In recent years, laser light with a wide range of wavelengths has been used successfully to stimulate auditory responses of gerbils, mice, guinea pigs and cats [15]. Besides experiments in animals, Fishman et al. [6] conducted a pioneering study of optical stimulation of the auditory nerve in a patient who required of surgical removal of a large meningioma. Although many questions in research remain to be answered in terms of laser stimulation, the initial results are promising beginnings. Among various biophysical mechanisms for the laser stimulation, three types of hypotheses have been proposed. The first one is the optophonic effect. A rapid local increase in temperature deriving from water absorption of photons produces a transient acoustic wave which can trigger depolarizing response of hair cells [79]. The second hypothesis is the photothermal activation of heat-sensitive ionic channels in the membrane of spiral ganglion cells, such as TRPV4 channels [10]. The third is that rapid local heating by laser can alter the electrical capacitance of the nerve membrane to evoke nerve excitability [11]. However, all the three mechanisms are related to photothermal effects [12, 13]. While, applying photothermal effects in the cochlea bears a potential risk of thermal damage. In future clinical applications, it is important to set safe parameters to have a good spatial selectivity and avoid excessive heating in the human cochlea.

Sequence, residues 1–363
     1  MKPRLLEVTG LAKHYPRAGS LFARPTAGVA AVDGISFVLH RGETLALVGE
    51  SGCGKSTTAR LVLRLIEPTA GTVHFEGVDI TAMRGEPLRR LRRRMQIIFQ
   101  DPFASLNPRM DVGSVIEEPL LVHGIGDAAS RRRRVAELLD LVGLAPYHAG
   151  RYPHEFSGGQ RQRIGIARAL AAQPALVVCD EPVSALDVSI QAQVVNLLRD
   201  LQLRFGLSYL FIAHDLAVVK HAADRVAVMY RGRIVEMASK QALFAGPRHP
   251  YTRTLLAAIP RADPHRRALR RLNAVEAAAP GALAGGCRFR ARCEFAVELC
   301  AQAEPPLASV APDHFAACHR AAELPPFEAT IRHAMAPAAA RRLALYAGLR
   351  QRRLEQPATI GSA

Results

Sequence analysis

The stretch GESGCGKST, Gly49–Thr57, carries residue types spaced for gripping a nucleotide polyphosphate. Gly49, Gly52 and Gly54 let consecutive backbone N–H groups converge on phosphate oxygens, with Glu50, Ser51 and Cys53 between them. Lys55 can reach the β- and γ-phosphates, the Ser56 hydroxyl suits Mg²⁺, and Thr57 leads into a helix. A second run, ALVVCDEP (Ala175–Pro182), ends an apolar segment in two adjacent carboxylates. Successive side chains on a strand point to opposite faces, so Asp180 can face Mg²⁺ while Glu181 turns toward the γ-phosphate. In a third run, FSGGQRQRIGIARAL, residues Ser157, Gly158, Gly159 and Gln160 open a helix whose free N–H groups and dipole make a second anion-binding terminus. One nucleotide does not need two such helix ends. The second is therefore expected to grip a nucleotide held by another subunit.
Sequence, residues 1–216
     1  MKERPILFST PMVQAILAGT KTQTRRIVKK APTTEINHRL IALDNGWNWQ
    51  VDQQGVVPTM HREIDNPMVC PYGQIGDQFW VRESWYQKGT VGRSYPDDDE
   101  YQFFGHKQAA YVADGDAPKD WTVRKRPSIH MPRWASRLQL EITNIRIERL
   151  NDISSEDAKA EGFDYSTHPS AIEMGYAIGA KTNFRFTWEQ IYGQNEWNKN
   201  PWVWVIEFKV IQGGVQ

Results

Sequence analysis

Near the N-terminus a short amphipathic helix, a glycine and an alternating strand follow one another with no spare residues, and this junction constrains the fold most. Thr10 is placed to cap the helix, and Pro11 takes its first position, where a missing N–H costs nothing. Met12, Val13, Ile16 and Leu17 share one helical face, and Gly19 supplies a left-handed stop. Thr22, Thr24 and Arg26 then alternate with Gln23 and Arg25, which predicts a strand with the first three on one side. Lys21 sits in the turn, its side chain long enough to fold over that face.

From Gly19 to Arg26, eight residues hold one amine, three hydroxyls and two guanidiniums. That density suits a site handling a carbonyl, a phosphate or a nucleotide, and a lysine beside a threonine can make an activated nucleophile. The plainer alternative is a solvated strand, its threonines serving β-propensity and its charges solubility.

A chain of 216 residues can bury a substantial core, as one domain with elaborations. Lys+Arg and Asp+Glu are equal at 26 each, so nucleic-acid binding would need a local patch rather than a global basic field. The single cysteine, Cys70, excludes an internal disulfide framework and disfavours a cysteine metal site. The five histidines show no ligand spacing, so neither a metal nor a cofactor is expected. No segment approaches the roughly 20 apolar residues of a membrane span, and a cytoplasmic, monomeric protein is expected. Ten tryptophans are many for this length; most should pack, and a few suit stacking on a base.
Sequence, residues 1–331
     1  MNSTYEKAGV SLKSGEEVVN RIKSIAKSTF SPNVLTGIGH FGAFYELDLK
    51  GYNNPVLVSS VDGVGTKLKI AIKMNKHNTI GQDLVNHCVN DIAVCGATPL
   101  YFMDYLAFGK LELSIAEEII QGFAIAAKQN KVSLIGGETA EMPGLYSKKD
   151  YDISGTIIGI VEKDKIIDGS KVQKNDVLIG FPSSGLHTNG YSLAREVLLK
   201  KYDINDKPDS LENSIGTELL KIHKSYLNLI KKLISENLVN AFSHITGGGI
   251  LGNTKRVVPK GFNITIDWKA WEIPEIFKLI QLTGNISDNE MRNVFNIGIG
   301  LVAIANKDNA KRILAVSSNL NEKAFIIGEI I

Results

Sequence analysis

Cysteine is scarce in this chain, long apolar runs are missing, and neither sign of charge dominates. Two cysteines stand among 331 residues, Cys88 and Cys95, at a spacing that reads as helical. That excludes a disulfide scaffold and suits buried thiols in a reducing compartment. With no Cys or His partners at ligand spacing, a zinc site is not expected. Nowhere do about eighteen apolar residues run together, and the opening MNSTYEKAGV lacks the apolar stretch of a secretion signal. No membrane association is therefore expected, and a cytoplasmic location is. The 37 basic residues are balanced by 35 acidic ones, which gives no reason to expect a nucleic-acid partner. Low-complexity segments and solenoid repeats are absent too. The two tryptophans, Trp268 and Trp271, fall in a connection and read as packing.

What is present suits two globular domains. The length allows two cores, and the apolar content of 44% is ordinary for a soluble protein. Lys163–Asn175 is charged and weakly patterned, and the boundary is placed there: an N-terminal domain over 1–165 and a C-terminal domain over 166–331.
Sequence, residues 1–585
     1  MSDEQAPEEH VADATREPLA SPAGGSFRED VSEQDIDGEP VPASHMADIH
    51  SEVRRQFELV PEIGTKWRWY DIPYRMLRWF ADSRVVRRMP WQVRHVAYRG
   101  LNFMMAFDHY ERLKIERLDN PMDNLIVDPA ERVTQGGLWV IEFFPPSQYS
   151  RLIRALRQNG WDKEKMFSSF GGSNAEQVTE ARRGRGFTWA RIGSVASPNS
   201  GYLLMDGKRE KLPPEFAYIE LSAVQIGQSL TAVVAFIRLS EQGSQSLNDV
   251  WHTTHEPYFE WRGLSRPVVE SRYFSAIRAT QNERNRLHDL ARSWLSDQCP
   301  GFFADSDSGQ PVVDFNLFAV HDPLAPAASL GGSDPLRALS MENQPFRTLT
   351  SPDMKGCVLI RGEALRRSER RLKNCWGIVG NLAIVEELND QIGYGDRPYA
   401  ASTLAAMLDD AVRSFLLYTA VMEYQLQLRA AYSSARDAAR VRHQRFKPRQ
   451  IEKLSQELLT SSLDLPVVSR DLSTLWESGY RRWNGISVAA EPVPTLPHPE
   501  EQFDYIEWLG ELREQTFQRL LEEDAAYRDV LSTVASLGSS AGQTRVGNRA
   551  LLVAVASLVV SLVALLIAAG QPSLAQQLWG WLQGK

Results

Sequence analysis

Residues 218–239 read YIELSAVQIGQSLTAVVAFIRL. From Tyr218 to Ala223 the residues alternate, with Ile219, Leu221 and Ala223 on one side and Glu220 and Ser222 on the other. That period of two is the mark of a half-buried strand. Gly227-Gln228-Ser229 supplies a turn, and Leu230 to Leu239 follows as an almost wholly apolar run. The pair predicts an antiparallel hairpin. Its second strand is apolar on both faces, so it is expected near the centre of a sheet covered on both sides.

In the human cochlea, spiral ganglion cells in the first turn of the coiled duct which accounts for high auditory frequency are located in the external part of the modiolus, while the ganglion cells that account for low frequency in the second and the third turn are located in the internal part of the modiolus. In the approach of photothermal stimulation, heat diffusion from the laser irradiated zone to the modiolus may reduce the laser selectivity. Therefore, it is necessary to take a quantitative overview of the temperature variations in the spatial domain and assess the effects of the heat diffusion on the laser selectivity. However, there is a lack of studies to date into directly assessing laser heating in humans due to the large body of evidence required to demonstrate safety and efficacy.